Following a great week in San Jose at mLearnCon, where for two and a half days I was the host of the Mobile Operating System Help Stage (MOSHPit), I now have had some time in the wine country in California and back in London to reflect on what we did, who we met, and the important conversations that took place.

I almost did as others have done and wrote an article the following day, but instead I shrugged off the urge. By allowing time for Kolb’s Experiential Cycle to work and to let the whole overpowering week settle, I now have some sense of what took place.

As one of the “experts” at mLearnCon I was motivated to find out where delegates are in the cycle to adopt learning to mobile devices. As “The Learning Coach,” I was also readily available to enter into discussion about not only how to implement learning to the mobile device but what to deliver, and to pose questions to many like, “Why are you doing this?” and, “What are you expecting?”

I am conscious that over the last 20-years of eLearning, the technology side of the industry has been led by (a) the vendor, (b) the content as reflected by the Authoring Tool’s ability to create learning, and (c) the LMS’s ability to deliver it. This is different from the strategy to deliver good learning modules and courses designed around great learning outcomes rather than some off the shelf template, masquerading as bespoke content.

I have in those 20 years watched four boom-and-bust cycles in eLearning. These were:

  1. The high-cost outsourcing model,
  2. The DIY (Do-It-Yourself) Model,
  3. The “offshore” model, and more recently,
  4. The Rapid Model.

Now comes Generation 5, the Mobile Model.

Two of these cycles were quite obviously DIY. These have always been the center of conversations that include a phrase similar to, “Well, of course ours never quite looks as good as the one created for us” – and then I ask, “Why not?” The answer often blames the authoring tool or the person creating the content. Of course, the person creating the content has probably never had media training, or real training in Instructional Design. Plus, of course, the author probably has another full time job in the organization. Yadda, yadda, yadda. I would love to have a dollar for every time I had this conversation.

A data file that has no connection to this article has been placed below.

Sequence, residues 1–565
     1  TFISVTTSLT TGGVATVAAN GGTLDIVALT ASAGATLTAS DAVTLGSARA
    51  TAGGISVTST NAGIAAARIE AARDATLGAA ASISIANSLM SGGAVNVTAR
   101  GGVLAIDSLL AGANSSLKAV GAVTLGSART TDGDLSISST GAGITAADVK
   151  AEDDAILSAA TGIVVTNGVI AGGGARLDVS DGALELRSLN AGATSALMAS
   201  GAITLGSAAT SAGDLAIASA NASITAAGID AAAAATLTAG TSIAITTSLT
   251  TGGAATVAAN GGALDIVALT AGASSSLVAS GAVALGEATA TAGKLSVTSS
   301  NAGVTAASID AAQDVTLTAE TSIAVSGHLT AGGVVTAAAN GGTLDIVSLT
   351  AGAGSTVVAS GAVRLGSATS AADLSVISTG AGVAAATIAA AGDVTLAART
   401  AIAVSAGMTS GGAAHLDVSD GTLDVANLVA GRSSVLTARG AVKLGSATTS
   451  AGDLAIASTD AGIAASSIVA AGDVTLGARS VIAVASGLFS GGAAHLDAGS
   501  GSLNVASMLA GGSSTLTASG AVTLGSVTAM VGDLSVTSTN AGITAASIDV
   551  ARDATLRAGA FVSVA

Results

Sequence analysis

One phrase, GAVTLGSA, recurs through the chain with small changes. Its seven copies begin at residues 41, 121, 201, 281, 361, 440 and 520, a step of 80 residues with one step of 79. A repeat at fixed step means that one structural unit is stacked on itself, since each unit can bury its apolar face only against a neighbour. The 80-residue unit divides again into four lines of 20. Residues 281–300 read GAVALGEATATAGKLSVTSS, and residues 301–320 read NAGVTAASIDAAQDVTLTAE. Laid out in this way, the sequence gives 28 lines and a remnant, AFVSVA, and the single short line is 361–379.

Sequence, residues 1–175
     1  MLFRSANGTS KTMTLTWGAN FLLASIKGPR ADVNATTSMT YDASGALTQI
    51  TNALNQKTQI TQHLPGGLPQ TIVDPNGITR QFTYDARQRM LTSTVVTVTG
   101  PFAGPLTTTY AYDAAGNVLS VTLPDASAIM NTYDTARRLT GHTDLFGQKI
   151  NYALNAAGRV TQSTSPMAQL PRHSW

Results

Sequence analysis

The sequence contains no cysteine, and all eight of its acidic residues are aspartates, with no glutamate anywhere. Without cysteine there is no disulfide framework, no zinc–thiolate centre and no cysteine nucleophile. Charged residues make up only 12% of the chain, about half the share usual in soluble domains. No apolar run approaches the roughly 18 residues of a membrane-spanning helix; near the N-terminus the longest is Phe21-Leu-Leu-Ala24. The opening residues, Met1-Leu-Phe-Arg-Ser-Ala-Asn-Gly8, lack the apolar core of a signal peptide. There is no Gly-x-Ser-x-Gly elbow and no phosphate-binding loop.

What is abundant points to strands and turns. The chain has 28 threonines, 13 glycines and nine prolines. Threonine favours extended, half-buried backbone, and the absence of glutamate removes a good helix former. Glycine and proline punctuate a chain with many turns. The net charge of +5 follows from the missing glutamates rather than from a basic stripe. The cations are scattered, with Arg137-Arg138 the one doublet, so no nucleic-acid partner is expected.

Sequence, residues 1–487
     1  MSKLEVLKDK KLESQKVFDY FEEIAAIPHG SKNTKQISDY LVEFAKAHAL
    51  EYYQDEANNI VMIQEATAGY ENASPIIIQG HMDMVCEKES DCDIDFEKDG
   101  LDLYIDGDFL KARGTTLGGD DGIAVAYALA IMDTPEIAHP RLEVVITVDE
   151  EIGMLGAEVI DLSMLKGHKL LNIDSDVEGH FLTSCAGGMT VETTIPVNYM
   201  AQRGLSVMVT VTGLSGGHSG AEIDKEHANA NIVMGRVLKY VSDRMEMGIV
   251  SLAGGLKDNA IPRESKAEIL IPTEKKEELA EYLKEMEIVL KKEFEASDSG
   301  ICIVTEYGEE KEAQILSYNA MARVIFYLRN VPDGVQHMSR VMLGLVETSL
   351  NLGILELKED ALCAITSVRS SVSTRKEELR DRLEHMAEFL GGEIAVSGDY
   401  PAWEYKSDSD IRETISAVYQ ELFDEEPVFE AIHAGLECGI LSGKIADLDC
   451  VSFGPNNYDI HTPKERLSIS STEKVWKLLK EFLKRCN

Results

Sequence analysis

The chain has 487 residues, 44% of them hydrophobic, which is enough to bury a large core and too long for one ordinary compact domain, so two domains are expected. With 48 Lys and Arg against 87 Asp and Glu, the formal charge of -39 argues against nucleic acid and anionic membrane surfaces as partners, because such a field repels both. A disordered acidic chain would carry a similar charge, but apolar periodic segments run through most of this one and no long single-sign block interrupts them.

So it was with some trepidation that I took a while to walk around the Expo of 25 suppliers peddling their wares. I was somewhat concerned that a few were the same vendors we see at other shows for eLearning. Same tools, smaller template! I asked whether this was the right tool for the job, is this what we are actually trying to do? The experts said no! The tool vendors said: “Buy my product; it’s the fastest, and the greatest.” Oh-oh, here we go again.

But I am also pleased to report that not all the vendors had the same message, nor were all peddling the idea that mLearning is a miniaturization of eLearning. Still, for some partygoers, it was quite obvious this was the underlying consideration.

So what did we learn at mLearnCon? Well, thanks go to a very lively chap I met called Alvin, who took me by surprise when I questioned him about why he wanted to deliver all of his eLearning shrunk onto a mobile. “I work with a large group of Gen Y’s, and that’s what they want. It’s their device, it’s what they know how to use, it’s in the format they want, and it’s in their pocket, not mine.” Thank you, Alvin! This started the session with a big bang, and the whole group listening started to talk in a different way and started to think about possibilities they had not thought about before.

This was the theme of two-and-a-half days: discover what you had not previously considered. For many, the question was, “WebApp or Native?” For others, it was, “HTML5 (“Whatever that may be,” said one person) or Flash.” That latter discussion in the MOSHPit drew a crowd too large to count; the argument will continue for a long time to come, I am sure.

For me personally, I learned we as the “experts” have to spend much more time explaining what you can do with the mobile device. My chats with Judy Brown, which involved much heated conversation and much laughter as we completely disagree on what actually constitutes a mobile device, will continue for some time. For Judy, the mobile device must fit in a pocket. For me the device just needs to not be tied to the desk or run from a power outlet.

In the week in San Jose there were so many conversations I lost count. Some were with people who were physically at the event. These took place over some great meals and in numerous places that plied us with copious quantities of liquid we would never consume at home. Other conversations engaged individuals who were following mLearnCon from every corner of the world, via a plethora of social media tools.

The interesting point is that everything we learned was in a conversation of one type or another. Thankfully this underpins my concept that the best learning method is still conversation. We need to talk.